How to Pick the Perfect Watermelon!

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One of the more important pieces of knowledge for folks enjoying leisure living to its fullest is in knowing when watermelons are ripe. If you cut one too soon it tastes a little green and stiff. Cut one too late and it has lost some of its sweetness and it feels mushy.

It is watermelon time in most of the country. Every time I crack one open, there is a moment of suspense; did I make the right decision? That's a question we all ask ourselves as the knife slides through the watermelon rind into the rosy flesh beneath.

Finding the perfect melon is not always easy. It takes a sharp eye to determine if the stem has curled to the correct length and has turned brown where it enters the plant. If the underside of the watermelon has turned yellow or white where it touches the ground, it is probably ready to find its place on the picnic table.

The most important part of the selection process is the thumping of the melon. In grocery stores around the country you will see patrons rapping watermelons listening for just the right sound. In major chain supermarkets this is not always an easy note to determine. The best sound, in my opinion, is a dull, hollow note, usually a "D" on the music scale.

Many melons are tossed into the back of the truck before they are ready to be picked and then ripened on the trip from the field to the supermarket. Sometimes this journey is to the other side of the country.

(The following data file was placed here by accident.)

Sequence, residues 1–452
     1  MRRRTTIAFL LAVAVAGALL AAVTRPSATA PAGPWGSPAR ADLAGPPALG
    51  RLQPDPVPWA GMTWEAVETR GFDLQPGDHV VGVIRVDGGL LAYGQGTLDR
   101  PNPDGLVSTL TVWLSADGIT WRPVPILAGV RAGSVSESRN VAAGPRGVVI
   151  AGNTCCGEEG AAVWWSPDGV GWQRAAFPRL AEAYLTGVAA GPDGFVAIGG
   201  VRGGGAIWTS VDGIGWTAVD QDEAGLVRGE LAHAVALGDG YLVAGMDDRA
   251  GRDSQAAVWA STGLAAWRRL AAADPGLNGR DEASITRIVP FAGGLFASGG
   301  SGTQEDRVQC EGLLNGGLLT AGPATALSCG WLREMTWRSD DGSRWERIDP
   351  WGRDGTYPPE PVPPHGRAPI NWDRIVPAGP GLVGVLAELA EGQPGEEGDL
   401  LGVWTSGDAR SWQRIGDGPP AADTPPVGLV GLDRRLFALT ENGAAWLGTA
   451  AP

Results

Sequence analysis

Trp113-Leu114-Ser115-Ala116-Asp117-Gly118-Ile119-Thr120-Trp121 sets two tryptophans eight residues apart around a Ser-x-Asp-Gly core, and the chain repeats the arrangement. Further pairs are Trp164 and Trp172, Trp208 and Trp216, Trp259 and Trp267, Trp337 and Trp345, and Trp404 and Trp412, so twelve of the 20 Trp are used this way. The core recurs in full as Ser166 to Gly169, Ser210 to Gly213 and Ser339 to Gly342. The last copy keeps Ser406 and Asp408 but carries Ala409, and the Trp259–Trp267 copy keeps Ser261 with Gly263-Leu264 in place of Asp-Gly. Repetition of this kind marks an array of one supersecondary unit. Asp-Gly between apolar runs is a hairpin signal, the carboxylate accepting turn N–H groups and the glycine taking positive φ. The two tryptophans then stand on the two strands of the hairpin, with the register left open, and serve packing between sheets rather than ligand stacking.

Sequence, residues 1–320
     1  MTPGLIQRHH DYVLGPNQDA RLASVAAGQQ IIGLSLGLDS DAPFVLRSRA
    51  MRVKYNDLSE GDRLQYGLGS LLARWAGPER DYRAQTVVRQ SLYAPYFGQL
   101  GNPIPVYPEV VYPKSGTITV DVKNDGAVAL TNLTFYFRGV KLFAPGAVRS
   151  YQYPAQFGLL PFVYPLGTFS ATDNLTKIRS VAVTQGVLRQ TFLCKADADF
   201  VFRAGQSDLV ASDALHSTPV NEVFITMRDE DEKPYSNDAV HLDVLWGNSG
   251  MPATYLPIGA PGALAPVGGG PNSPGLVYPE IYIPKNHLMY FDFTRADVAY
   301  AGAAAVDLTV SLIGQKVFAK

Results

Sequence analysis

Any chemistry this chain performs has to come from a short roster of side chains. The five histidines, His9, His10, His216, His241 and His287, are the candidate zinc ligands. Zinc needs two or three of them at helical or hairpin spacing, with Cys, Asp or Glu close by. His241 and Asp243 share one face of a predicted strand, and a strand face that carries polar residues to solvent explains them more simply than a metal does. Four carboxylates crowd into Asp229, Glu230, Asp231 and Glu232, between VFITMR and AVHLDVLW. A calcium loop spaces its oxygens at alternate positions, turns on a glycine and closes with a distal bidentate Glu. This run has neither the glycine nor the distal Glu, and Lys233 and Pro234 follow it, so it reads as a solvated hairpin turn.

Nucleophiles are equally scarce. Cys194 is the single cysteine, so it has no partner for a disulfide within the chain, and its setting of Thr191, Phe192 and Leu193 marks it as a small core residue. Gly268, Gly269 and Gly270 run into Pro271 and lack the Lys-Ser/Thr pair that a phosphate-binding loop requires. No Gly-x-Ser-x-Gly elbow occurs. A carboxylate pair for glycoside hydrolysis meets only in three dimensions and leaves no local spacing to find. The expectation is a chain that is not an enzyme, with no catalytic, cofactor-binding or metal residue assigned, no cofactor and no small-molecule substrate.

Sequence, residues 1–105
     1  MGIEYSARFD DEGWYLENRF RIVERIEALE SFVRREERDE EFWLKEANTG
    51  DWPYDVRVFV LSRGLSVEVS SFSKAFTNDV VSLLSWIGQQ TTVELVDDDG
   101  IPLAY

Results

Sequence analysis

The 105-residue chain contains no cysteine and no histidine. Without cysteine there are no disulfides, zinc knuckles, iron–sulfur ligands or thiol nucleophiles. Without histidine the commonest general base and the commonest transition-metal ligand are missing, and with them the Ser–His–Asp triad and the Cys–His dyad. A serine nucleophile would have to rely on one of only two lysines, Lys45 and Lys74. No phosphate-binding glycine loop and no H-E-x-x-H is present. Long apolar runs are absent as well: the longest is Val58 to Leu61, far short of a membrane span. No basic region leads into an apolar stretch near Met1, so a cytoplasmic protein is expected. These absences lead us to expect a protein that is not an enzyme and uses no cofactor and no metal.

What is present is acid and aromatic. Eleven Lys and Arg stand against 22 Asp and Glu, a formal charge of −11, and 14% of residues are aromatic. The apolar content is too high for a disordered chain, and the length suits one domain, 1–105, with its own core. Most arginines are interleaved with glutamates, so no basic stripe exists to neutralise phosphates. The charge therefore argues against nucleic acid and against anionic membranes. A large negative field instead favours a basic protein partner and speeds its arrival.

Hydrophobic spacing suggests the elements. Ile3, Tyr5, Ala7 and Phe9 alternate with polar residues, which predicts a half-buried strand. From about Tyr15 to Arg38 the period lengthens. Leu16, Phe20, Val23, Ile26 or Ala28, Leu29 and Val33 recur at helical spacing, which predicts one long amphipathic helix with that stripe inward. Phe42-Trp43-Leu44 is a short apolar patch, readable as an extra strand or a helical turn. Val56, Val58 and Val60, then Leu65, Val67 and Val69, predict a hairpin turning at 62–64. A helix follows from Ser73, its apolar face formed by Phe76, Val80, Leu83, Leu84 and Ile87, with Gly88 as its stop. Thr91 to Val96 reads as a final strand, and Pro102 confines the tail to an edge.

Farmers' Markets are usually a good place to find a ripe watermelon because they come under the scrutiny of the person growing the fruit. Farmers at the market take pride in the fruits of their labor. Their melons are generally larger and heavier. As a result of all the water and sugar stored inside, their offerings are likely to be sweeter than those shipped from Texas to Maine and allowed to ripen on the way to the markets.

When it comes to seedless watermelons, I'm lost. No one really knows when one of these fruits is ripe. I remember when melons were larger, sweeter and less expensive than they are now and had seeds. Those times seem to be gone. Our society has gotten lazier since the '50's and 60's; so much so that the preference for seedless watermelons is the norm now, rather than a rarity. Few people, including myself, take the time to raise their own, therefore we are at the whim of the growers.

There is one thing I've yet to figure out. If a melon is truly seedless, how do they find the seeds to plant new ones? I'm sure there is a logical answer but can it be a true seedless fruit? Could this be the end of watermelon spitting contests?

I somehow equate watermelons with the sound of a rooster crowing, because most of my early dealings with this fruit were down on the farm. There were roadside stands where you could buy a melon, but it was more fun to find one of your own, picked by your father's hands.

Early mornings were the best time to pick melons because the sun was still behind the sweet gum tree on the east side of the house. The temperature was still pleasant and the anticipation of the juicy sweetness just beyond the corn field was almost too much to contain.

Watermelon memories take us all back to summers we wish would come again. Sometimes they do.

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Author: Bob Alexander
Bob Alexander is a true son of the south. He learned to greatly appreciate southern barbeque, good fishing holes and leisure living. Visit his sites at:

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